LIVE

Caden Cotnoir alerted Trent Jarrett's family about the crash by calling the phone number that Jarrett was calling out

By Joelle Goldstein
April 07, 2021 01:57 PM
Advertisement

A New Hampshire teen has become a hero after saving the life of a West Virginia boy who crashed his ATV live on TikTok.

Trent Jarrett told ABC affiliate WMUR that he's forever grateful to Caden Cotnoir for alerting his family about the crash, despite being over 800 miles away.

"I'd just like to thank him for everything that he's done," Jarrett, 12, explained to the outlet.

The scary incident unfolded as Jarrett was riding his four-wheeler and live-streaming it on TikTok, according to WMUR.

Cotnoir — who follows Jarrett on TikTok due to their shared interests of hunting, fishing and four-wheeling — told the outlet he happened to be watching the live stream when he realized something was wrong.

"All of a sudden his phone goes kind of blank, you can see a little bit of light and you can just hear him yelling for help," Cotnoir, 13, recalled to WMUR.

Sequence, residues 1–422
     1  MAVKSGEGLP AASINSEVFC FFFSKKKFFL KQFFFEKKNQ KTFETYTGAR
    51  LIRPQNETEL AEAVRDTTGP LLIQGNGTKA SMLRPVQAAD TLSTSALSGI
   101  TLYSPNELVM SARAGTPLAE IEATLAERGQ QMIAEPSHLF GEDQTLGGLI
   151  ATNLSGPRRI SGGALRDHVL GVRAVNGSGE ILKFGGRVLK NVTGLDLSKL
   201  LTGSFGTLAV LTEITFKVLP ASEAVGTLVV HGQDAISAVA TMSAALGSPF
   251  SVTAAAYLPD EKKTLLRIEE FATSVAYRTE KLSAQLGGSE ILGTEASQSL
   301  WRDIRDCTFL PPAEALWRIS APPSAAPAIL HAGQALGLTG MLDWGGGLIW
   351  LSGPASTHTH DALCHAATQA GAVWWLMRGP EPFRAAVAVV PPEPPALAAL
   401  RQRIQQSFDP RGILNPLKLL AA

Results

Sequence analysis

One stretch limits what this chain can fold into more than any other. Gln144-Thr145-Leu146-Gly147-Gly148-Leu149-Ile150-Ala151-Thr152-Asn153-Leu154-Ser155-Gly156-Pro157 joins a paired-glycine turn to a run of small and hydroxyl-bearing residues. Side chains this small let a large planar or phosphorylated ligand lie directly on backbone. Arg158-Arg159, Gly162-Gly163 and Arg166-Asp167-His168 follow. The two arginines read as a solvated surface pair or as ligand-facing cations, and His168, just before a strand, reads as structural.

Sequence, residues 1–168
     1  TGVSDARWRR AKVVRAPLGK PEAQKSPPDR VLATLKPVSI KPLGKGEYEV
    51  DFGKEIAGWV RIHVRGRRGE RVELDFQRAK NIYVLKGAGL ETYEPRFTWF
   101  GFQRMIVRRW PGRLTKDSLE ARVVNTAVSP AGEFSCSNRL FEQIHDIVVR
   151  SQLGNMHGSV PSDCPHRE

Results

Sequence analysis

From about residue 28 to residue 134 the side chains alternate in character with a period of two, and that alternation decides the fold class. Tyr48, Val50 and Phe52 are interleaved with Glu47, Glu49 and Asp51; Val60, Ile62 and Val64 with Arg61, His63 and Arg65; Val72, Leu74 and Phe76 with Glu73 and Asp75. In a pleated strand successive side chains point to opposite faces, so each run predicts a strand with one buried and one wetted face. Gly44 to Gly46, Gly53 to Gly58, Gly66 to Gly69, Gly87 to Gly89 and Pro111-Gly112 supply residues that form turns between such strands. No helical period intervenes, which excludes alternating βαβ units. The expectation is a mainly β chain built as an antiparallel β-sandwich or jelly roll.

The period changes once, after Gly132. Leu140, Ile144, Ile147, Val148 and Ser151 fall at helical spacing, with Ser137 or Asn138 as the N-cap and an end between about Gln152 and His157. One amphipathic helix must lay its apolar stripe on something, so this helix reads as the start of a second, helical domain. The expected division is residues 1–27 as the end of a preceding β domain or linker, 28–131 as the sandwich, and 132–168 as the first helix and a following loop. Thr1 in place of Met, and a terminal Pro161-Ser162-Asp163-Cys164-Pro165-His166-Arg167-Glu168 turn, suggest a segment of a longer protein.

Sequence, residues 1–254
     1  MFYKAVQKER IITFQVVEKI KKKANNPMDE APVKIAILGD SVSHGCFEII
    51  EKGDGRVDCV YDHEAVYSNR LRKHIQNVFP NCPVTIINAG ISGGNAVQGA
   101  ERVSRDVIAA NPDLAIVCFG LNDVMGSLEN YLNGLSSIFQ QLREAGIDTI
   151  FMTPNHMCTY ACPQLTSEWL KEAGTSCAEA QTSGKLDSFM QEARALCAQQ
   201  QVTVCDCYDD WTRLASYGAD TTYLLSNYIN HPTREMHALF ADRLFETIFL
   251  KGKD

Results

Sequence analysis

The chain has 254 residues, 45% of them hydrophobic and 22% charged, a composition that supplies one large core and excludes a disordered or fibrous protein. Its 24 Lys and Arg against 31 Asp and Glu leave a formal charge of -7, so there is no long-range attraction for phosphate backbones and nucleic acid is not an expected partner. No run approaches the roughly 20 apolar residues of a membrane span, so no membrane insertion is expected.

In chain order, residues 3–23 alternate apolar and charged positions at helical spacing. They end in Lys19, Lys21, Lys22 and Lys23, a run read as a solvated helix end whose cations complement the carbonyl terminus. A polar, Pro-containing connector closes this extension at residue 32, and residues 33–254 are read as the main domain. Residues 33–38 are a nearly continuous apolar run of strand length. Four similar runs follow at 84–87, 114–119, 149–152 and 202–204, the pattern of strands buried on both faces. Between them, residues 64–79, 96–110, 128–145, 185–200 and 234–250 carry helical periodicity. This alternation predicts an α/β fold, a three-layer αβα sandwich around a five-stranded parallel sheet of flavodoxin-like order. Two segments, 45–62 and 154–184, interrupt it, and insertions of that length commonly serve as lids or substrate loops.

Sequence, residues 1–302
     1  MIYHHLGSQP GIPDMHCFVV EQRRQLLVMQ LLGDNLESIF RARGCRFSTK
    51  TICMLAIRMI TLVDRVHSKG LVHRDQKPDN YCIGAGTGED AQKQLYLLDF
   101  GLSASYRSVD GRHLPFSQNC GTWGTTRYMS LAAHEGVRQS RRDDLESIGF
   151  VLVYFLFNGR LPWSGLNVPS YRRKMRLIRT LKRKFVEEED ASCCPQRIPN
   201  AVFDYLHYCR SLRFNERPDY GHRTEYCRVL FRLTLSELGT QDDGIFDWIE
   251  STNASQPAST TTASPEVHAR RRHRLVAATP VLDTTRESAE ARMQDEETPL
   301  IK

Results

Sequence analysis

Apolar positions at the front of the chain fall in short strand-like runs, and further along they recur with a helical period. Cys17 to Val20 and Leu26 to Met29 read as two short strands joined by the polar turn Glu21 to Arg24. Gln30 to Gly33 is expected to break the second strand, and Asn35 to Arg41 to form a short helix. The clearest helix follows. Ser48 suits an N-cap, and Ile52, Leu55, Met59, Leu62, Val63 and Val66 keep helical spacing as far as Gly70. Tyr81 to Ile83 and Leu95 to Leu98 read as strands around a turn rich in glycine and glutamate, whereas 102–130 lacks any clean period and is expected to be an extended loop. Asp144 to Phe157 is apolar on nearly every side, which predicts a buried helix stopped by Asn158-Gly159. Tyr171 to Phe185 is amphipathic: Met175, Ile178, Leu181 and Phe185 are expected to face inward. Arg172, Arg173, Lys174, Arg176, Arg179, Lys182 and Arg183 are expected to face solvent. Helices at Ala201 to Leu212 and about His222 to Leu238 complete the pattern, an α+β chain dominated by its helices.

Though Cotnoir couldn't fully make out what had happened, he told the outlet he heard Jarrett calling out numbers.

"I was yelling out my grandparents' house phone number," Jarrett explained to WMUR, adding that their phone number was the only one he could remember at the time.

Thankfully, Cotnoir was able to recognize what Jarrett was asking and immediately called his grandparents to alert them of the situation, WMUR reported.

Jarrett's parents later found their son under the ATV, where he had been trapped for approximately 20 minutes, and managed to lift the four-wheeler off of him, according to the outlet.

RELATED VIDEO: Twitter Goes Crazy After Man Saves a Boy From Being Hit in Face by Baseball Bat

Luckily, the teen only suffered cuts and bruises from the incident, WMUR reported.

In the wake of the crash, Jarrett and Cotnoir — who never met before — had the opportunity to virtually meet over Zoom on Monday, according to the outlet.

It was a moment that the boys may not have shared otherwise, if it had not been for Cotnoir's heroic actions, his stepfather, Matt Currier, told WMUR.

"He did was he was supposed to do and got the right people and it worked out," said Currier, who works as the chief of the Gilmanton Police Department in New Hampshire.

"It was an Easter miracle," Currier added.